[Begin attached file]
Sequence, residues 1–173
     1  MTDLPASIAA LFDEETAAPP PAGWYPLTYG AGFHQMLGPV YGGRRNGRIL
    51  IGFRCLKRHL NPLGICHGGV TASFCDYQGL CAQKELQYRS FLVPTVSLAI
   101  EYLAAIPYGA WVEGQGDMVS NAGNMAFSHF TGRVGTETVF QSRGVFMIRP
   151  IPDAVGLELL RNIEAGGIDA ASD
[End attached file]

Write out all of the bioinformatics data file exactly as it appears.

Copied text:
Sequence, residues 1–173
     1  MTDLPASIAA LFDEETAAPP PAGWYPLTYG AGFHQMLGPV YGGRRNGRIL
    51  IGFRCLKRHL NPLGICHGGV TASFCDYQGL CAQKELQYRS FLVPTVSLAI
   101  EYLAAIPYGA WVEGQGDMVS NAGNMAFSHF TGRVGTETVF QSRGVFMIRP
   151  IPDAVGLELL RNIEAGGIDA ASD